As a result of going `big`, he moved up to something around 150mm travel and now is looking for something around 160/170mm for his away days.

    For more local rides where he has to actually pedal, he has now got a Plus size HT. Plus size just means fatters tyres that sort of help absorb some impacts and give a good level of grip. A more DH specific bike weighing c.15kg+ isn't much fun when you've got to actually pedal up hills etc. An XC bike (more specifically a HT) should weigh in at around 12-13kg. It may not sound much but you do notice it.

    DH bikes tends to be heavier with longer supsension and slacker geometry to cope with the DH aspect. You can then get Enduro (sort of in between c.140mm), All mountain (AM) and XC which tend to be lighter, faster and around 100mm to 120mm travel (also popular as HT's).

    As for the knee issue - it might just need some exercise to see what it can cope with.

    An eBike is an option but they do cost a lot and you might not need one quite yet. Cardio can we developed and fitness/stamina improved. You don't have to be an Olympic athlete.

    MTB is a broad subject and there is something for everyone. I have a HT and FS bike and some people have more than that. Maybe start small, give it a go and see what you think?
    "Ride, crash, replace"
  • reaction57reaction57 Posts: 20
    lots of good advice on the previous posts.

    Some people do manage to put ebikes on roof racks, I would not attempt it though, I'm not tall/strong enough and most racks won't be capable of taking the weight or have fixings large enough for generally bigger ebike frames.

    Please don't think ebikes are just for unfit, injured or lazy people, more and more people are finding that ebikes are great fun and there are increasing numbers of young fit riders switching to ebikes.

    Which ever way you decide to go good luck and have fun.
  • steve_sordysteve_sordy Posts: 2,438
    Reaction57 wrote:

    Please don't think ebikes are just for unfit, injured or lazy people, more and more people are finding that ebikes are great fun and there are increasing numbers of young fit riders switching to ebikes.


    100% agree with that. I would not be without mine now. :D

    But don't think for a second that an emtb is just like your ordinary clockwork mtb except that you don't have to pedal quite so hard. They are £1200- £1500 more expensive than the bike you would normally buy. The battery and motor are significant lumps of cash to replace and/or repair and the warranty is only for two years. Stuff can go wrong that can only be fixed by a dealer unless you are a competent electrician and bike mechanic combined.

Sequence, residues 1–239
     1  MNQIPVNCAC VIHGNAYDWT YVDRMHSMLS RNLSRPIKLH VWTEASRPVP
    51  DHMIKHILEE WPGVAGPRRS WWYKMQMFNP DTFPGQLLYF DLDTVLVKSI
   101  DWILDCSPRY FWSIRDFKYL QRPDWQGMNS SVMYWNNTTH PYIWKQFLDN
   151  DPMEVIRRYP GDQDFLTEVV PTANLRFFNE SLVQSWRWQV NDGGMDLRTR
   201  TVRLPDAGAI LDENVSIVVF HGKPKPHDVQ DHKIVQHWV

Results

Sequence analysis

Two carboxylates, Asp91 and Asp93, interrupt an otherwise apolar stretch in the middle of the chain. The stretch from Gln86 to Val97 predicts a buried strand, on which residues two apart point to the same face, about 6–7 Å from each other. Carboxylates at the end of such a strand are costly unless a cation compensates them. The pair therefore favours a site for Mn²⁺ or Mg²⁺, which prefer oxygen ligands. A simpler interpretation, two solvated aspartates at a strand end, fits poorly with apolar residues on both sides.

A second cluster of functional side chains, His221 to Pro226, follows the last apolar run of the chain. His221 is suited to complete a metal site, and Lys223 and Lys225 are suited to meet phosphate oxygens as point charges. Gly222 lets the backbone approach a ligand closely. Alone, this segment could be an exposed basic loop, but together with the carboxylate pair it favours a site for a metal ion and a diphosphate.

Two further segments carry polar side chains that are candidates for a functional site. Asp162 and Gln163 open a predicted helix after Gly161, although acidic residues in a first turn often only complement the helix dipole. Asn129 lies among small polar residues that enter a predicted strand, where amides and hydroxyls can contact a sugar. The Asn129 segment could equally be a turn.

I have had the following problems in my first six months of ownership:
    # Battery won't charge when the charger and battery are below 11degC (rogue charger, but the manufacturer insisted on replacing the battery - that was two weeks without a bike!
    # Main power switch does not work. Fixed by a hard reset (holding the power button down for 20 seconds - who knew?)
    # Display went dead and therefore nothing worked despite the power being on. That was a cable that had been ripped out after snagging on a tree. The loose end tucked itself out of sight and it was not at all obvious that anything was missing. Shoved it back in, all good. But only after a two-mile un-powered ride of a heavy bike with big fat low pressure tyres!
    # Display went dead, nothing worked. Then all of a sudden it did, then it didn't, then ....! Diagnosed as a cable damaged when the battery was replaced (see earlier). I still have to get the cost of that back as nobody has accepted responsibility yet.

    Yes, all under warranty. OK in theory. But if your dealer is 85 mins away (me) or in another country (many) then it is a different thing all together, warranty fixes are a bloody nuisance. Mechanically the bike is wonderful and has been flawless, it's a joy to ride.

    The second hand market is even more uncertain and heart breaking than for clockwork bikes. Would you buy a used eBike?

    Then there is the transportation issue:
    # Roof rack (Try getting the bike on after you have injured yourself on the trail).
    # Boot rack (Is it strong enough to carry the weight without removing the battery, if you can, and also the front wheel)?
    # Inside the car (A good solution if your back is strong enough, these things are heavy!) No fuel penalty!
    # Towbar rack. (Excellent solution, but they are expensive, as is purchase and installation of the tow bar).

    There are new techniques to learn and new mistakes to make, all of which are fun. As I said, I would not be without an emtb now. I have sold both my clockwork bikes. But if you don't have an mtb already, my advice would be to put off the purchase of an emtb for as long as possible. The pace of development is astonishing and my bike will look old hat and with old technology in less than three years time (ref used values). Prices will come down in real terms, further depressing used values).